Fight Club

Fight Club

4.7 145
Director: David Fincher

Cast: Brad Pitt, Edward Norton, Helena Bonham Carter

     
 

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In this darkly comic drama, Edward Norton stars as a depressed young man (named in the credits only as "Narrator") who has become a small cog in the world of big business. He doesn't like his work and gets no sense of reward from it, attempting instead to drown his sorrows by putting together the "perfect" apartment. He can't sleep and feels alienated from the world… See more details below

Overview

In this darkly comic drama, Edward Norton stars as a depressed young man (named in the credits only as "Narrator") who has become a small cog in the world of big business. He doesn't like his work and gets no sense of reward from it, attempting instead to drown his sorrows by putting together the "perfect" apartment. He can't sleep and feels alienated from the world at large; he's become so desperate to relate to others that he's taken to visiting support groups for patients with terminal diseases so that he'll have people to talk to. One day on a business flight, he discovers Tyler Durden (Brad Pitt), a charming iconoclast who sells soap. Tyler doesn't put much stock in the materialistic world, and he believes that one can learn a great deal through pain, misfortune, and chaos. Tyler cheerfully challenges his new friend to a fight. Our Narrator finds that bare-knuckle brawling makes him feel more alive than he has in years, and soon the two become friends and roommates, meeting informally to fight once a week. As more men join in, the "fight club" becomes an underground sensation, even though it's a closely guarded secret among the participants. (First rule: Don't talk about fight club. Second rule: Don't talk about fight club.) But as our Narrator and Tyler bond through violence, a strange situation becomes more complicated when Tyler becomes involved with Marla (Helena Bonham Carter), whom our Narrator became infatuated with when they were both crashing the support-group circuit. Based on the novel by Chuck Palahniuk, Fight Club was directed by David Fincher, who previously directed Pitt in the thriller Seven.

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Editorial Reviews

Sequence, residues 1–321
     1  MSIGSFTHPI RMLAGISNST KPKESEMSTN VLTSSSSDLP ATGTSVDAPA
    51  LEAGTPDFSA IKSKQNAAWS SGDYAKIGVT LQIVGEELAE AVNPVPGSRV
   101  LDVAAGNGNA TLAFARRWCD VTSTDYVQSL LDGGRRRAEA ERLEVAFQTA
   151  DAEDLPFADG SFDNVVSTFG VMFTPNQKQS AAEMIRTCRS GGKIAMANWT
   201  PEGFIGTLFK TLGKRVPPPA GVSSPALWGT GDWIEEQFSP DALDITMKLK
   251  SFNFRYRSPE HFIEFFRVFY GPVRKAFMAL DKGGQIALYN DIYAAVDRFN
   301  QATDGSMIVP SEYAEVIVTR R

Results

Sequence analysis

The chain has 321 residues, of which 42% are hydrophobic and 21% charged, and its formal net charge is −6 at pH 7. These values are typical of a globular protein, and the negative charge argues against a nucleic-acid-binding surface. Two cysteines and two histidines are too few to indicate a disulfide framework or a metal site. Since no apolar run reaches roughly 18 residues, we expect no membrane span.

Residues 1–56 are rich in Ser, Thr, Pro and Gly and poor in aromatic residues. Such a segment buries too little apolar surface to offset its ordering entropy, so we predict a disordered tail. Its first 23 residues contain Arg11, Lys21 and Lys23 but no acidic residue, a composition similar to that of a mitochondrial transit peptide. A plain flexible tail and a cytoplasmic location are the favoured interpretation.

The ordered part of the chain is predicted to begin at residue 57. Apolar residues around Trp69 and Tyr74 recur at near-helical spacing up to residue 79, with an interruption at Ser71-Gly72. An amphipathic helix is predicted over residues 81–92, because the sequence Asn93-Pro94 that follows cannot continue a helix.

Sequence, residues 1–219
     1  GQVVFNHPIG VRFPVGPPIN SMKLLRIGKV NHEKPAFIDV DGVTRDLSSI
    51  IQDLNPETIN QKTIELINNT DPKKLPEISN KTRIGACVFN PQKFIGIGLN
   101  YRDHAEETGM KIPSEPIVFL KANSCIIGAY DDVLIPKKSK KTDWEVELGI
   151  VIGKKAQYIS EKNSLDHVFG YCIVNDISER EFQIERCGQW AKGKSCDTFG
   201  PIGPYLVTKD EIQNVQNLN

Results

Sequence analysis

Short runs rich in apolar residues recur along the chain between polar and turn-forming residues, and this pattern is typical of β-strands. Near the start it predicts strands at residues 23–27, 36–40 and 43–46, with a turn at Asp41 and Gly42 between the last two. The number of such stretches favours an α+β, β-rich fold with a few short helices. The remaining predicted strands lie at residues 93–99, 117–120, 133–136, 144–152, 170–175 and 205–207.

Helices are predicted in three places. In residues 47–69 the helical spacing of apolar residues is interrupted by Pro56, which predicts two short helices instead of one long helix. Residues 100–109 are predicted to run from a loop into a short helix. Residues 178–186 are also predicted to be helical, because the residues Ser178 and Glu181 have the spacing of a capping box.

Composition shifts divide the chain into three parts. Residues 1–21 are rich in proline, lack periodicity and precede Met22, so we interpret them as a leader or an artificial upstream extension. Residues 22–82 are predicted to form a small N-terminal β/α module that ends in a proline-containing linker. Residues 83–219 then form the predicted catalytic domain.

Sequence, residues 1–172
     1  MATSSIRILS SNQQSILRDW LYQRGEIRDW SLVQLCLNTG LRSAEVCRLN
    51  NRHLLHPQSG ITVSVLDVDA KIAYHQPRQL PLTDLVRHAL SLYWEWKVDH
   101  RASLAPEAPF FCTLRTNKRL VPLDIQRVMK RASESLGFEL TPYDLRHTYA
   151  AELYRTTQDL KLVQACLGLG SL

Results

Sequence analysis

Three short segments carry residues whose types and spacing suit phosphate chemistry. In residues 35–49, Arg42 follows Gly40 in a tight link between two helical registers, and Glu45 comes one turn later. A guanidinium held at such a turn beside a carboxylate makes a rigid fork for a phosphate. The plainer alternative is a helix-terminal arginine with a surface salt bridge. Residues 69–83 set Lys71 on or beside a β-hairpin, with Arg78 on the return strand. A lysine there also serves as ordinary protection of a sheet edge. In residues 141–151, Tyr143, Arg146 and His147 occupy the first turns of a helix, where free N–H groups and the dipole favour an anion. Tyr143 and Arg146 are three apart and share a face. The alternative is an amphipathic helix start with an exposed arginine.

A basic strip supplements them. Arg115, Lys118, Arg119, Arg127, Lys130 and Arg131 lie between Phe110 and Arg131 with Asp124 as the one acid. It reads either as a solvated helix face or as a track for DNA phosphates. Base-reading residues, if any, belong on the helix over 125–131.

Barnes & Noble - Ed Hulse
Unrelentingly savage and diabolically witty, Fight Club romanticizes violence as the last recourse of men who feel emasculated by the drudgery and predictability of modern urban life. That sentiment is initially articulated by narrator Edward Norton, playing an angst-ridden corporate drone who anesthetizes himself with mindless consumerism and support-group participation. Norton's unnamed character is roused from his torpor after encountering soap salesman Tyler Durden (Brad Pitt, sweeping away the last vestiges of his glamour-boy image), charismatic leader of disaffected males who hold clandestine meetings and achieve self-realization by pummeling one another into submission. Director David Fincher (Seven), working from an irony-laced script by Jim Uhls (adapted from the novel by Chuck Palahniuk), drenches his able cast in testosterone and assaults the audience with graphic sequences of hand-to-hand combat. Mesmerizing in its almost fetishistic depiction of brutality, Fight Club seizes the viewer's attention from the beginning and grips it firmly through the shocking surprise ending.
All Movie Guide - Jason Clark
A definitive case of a movie that has yet to find its time, David Fincher's unnerving and cataclysmic look at the male psyche takes no prisoners and makes no apologies, which is precisely why the film is so powerful. A kind of stepchild to Stanley Kubrick's A Clockwork Orange in terms of its thematic relevancy and misunderstood nature, Fight Club looks and feels like almost nothing that has preceded it. Brad Pitt, Edward Norton, and Helena Bonham Carter all successfully subvert their onscreen personas, and give fully committed portrayals that never get buried in the film's dazzling set pieces. More than any film of the 1990s, it was hotly debated in terms of its cinematic worth. Some critics deemed it fascist and overheated, condemning the film for its refusal to a create an easily delineated platform on the issues it raises. Others praised the film for this very reason, citing its ability to challenge the minds of moviegoers. The film was a surprising misfire in its initial release, but a legion of die-hard fans subsequently developed. It wouldn't be at all surprising if it goes on to achieve the delayed status of a work such as Blade Runner, another film panned by critics and audiences when it was released that is now viewed as a significantly influential movie and a banner example of film theory on screen.

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Product Details

Release Date:
04/25/2000
UPC:
0024543003069
Original Release:
1999
Rating:
R
Source:
20th Century Fox

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